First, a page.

Selections from Go! Go! Tomocchi!

Champon from Suzuya

30May 2018 tomocchi

 

Hello! It’s Tomocchi ☆

 

Champon is undoubtedly one of the most famous things to come out of Nagasaki.

There are innumerable champon shops across the city, but I’d like to introduce one to you that I’ve been visiting since I was a little girl.

It’s called Suzuya in the former Chinese Settlement near Nagasaki Shinchi Chinatown. People in the know go to Suzuya for their champon

Now, it’s not a Chinese food restaurant. Around Nagasaki, a champon-ya is synonymous with a local cafeteria. Actually, from long ago and up to my parents’ generation, there were so many champon shops around that the people of Nagasaki simply called local cafeterias “champon-ya”.

Not only does Suzuya have delicious champon, but the location is also excellent!

When people think of where foreigners lived in Nagasaki during the period of national isolation, most people think “Dejima”. The former Chinese settlement was essentially the Chinese version of Dejima.

During the Edo period, the Chinese were forced to live all in the same place, despite being able to live wherever they liked up until then.

There are four unique temples and the remains of an old-style market that brings to mind images of times past. The whole area exudes a nostalgic feeling and has a unique charm.

 

 

 

 

To introduce the former Chinese settlement, let’s head straight through the main gate that was reproduced on entrance to the area!

 

 

As you go up this road with a retro-style market, a Chinese temple comes into view.

 

 

Dojin-do (Hall of the Earth God)

Beyond the gate and bridge, the gods of agriculture and commerce are worshipped inside this beautiful hall with Chinese circular windows. This is the first temple constructed in the Chinese settlement, and the dances that would become the Dragon Dance in the Edo Period have their roots here ☆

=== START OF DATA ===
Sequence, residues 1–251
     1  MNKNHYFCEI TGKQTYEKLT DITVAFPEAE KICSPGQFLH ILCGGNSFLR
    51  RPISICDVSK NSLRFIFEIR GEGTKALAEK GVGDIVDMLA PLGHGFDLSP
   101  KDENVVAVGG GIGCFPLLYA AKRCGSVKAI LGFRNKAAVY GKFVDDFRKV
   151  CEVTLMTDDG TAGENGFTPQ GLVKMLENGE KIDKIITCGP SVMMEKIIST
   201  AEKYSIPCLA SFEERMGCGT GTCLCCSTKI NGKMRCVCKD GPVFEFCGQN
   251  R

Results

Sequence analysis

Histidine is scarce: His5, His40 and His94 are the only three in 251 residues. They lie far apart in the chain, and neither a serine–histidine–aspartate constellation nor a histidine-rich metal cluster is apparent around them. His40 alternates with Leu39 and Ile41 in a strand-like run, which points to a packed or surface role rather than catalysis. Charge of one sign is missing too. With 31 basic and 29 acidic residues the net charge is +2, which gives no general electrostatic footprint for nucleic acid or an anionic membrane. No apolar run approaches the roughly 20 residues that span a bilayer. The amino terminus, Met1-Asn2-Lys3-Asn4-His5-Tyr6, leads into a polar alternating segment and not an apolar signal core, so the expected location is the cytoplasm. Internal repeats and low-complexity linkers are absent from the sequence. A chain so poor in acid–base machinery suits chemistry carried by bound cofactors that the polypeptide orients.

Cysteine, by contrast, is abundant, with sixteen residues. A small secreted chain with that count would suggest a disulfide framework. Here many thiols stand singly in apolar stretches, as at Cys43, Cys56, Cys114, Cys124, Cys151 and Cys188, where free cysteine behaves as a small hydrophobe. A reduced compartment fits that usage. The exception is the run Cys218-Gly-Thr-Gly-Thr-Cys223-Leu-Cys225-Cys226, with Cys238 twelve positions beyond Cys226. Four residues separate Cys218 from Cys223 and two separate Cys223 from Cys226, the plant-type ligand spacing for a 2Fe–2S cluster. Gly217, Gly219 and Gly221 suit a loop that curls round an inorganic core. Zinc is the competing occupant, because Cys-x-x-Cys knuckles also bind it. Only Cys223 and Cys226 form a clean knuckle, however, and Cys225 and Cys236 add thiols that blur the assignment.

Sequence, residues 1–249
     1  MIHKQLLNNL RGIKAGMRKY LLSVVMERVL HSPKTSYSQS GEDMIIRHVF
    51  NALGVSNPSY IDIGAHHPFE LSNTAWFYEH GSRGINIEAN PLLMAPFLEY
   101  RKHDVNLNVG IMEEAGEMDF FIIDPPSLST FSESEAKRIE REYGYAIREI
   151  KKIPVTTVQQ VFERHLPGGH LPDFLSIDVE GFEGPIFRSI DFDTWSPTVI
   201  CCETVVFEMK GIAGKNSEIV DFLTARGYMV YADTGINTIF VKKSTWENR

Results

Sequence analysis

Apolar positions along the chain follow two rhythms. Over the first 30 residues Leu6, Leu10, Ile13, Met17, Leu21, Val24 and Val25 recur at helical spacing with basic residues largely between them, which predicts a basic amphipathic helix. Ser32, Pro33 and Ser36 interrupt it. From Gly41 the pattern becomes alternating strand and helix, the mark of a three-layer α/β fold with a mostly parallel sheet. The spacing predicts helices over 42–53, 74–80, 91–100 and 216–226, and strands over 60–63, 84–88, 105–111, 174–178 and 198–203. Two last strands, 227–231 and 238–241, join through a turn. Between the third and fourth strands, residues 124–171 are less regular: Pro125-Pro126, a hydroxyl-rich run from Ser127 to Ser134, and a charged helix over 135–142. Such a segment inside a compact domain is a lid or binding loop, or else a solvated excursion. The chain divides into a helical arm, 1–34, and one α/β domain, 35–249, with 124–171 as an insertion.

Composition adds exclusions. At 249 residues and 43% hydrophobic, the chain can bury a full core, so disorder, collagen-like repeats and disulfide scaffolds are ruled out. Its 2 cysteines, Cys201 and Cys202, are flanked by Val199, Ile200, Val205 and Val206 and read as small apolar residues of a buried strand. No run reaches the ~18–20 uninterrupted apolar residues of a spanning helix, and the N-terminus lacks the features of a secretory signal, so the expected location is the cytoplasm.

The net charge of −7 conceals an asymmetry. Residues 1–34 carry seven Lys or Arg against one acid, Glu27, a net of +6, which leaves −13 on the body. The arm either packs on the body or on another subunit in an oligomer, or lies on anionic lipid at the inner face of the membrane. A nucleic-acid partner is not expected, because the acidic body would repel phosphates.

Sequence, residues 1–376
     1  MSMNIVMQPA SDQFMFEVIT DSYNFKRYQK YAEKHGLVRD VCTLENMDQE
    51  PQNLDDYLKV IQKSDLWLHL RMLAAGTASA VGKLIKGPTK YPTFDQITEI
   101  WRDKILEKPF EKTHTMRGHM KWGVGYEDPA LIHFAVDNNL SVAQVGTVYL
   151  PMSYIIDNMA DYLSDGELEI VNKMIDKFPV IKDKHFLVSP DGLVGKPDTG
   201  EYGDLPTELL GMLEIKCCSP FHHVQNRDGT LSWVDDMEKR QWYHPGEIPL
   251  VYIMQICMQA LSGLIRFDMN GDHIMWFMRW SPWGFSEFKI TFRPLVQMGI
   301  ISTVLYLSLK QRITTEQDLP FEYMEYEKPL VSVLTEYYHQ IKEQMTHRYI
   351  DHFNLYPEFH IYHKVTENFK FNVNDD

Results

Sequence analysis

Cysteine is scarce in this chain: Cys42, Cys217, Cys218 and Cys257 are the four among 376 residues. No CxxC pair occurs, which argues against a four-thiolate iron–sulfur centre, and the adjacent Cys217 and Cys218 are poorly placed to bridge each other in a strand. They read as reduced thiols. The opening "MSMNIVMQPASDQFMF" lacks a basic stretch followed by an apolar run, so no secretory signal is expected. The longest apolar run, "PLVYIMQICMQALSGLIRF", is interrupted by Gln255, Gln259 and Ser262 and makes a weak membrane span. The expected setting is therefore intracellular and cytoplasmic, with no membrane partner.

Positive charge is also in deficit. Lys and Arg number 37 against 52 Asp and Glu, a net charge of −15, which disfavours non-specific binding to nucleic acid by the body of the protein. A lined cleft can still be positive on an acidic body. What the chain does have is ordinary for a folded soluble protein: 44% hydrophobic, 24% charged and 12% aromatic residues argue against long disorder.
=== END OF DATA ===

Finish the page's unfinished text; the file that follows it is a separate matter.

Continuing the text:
Let’s go up the charming stairs to the right of the hall. On the right is a public bath house, on the left is the roof of the hall.

 

Go up a few flights of stairs and turn right at the first corner. Our destination, Suzuya, comes into view on the corner after crossing a bridge on the border of Kannai-machi and Junin-machi. (By the way, that bridge spans the remains of the moat of the Chinese settlement)

 

 

 

The big navy-blue sign curtain marks the spot. The interior is designed just as you would imagine an iconic Showa Period eatery to look like. (Due to the high number of patrons having their lunch, we omitted taking pictures of the interior)

 

 

Champon (700 yen)

The bright shredded egg topping makes for an eye-catching visual. The clear soup is delicious! It’s just a bit sweet, with a light mouth-feel. Use your Chinese spoon to get in there! …Oops! I nearly drank all my soup before getting to the big ingredients (lol).

Those main ingredients include pork that’s full of sweetness and umami, and crisp green onions. There’s also Nagasaki’s pink kamaboko (boiled fish paste), and the shredded egg which is quite uncommon.

These thick noodles really make it into the traditional champon I grew up with!!

All these ingredients tangle up together to produce that sweet, delicious, and nostalgic flavor of champon, am I right?

I drank the soup down to the last drop… Gochisousama deshita!!

 

 

Sara udon (700 yen)

This looks like too much for one person!! The sweet, thick sauce looks like it’s going to overflow off the plate!! I have to restrain myself in the face of such a delicious meal to eat it without spilling.

The crispy noodles are so thin and light! They aren’t oily in the least despite being fried. The noodles stay crunchy and melt in your mouth along with the sauce.

By the way, in addition to champon and sara udon, Suzuya also has makizushi, inarizushi, and other delicious dishes ♪

Oh! There was also something on the menu called “chan udon” that I want to try the next time I’m there.

Lunch is their specialty. They close at 7pm, so if you’d like to get dinner you’ll need to go early. They are closed on Sundays and holidays.

 

 

These cats live a lazy life in the former Chinese settlement’s streets too small for a car to go down. In the early afternoon, this grey kitty showed me a big yawn. They say that bent-tail cats, colloquially called o-magari neko, are quite common around Nagasaki. One explanation for their prevalence is that they came in on trading ships from south-east Asia and propagated across the city ☆ Such a fitting story for the international trading port city that is Nagasaki.

 

 

Suzuya

Address: 10-15 Junin-machi

TEL: 095-822-0996

Hours: 10am – 7pm. Closed Sundays and Holidays

No parking available